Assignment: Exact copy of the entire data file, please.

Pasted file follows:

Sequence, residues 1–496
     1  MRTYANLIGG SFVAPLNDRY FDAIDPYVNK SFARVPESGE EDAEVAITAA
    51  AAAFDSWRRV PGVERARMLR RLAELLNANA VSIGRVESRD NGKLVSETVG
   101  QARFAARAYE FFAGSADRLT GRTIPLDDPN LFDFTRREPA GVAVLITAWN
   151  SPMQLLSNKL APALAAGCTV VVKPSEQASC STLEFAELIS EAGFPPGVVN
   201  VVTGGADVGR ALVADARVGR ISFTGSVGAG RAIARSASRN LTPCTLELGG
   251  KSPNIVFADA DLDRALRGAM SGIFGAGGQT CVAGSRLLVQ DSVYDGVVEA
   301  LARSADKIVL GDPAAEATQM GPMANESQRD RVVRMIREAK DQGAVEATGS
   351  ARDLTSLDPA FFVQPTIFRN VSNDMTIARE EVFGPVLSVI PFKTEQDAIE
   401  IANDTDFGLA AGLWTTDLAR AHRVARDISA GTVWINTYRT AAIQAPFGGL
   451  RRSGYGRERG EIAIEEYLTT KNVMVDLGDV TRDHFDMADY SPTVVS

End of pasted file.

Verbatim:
Sequence, residues 1–496
     1  MRTYANLIGG SFVAPLNDRY FDAIDPYVNK SFARVPESGE EDAEVAITAA
    51  AAAFDSWRRV PGVERARMLR RLAELLNANA VSIGRVESRD NGKLVSETVG
   101  QARFAARAYE FFAGSADRLT GRTIPLDDPN LFDFTRREPA GVAVLITAWN
   151  SPMQLLSNKL APALAAGCTV VVKPSEQASC STLEFAELIS EAGFPPGVVN
   201  VVTGGADVGR ALVADARVGR ISFTGSVGAG RAIARSASRN LTPCTLELGG
   251  KSPNIVFADA DLDRALRGAM SGIFGAGGQT CVAGSRLLVQ DSVYDGVVEA
   301  LARSADKIVL GDPAAEATQM GPMANESQRD RVVRMIREAK DQGAVEATGS
   351  ARDLTSLDPA FFVQPTIFRN VSNDMTIARE EVFGPVLSVI PFKTEQDAIE
   401  IANDTDFGLA AGLWTTDLAR AHRVARDISA GTVWINTYRT AAIQAPFGGL
   451  RRSGYGRERG EIAIEEYLTT KNVMVDLGDV TRDHFDMADY SPTVVS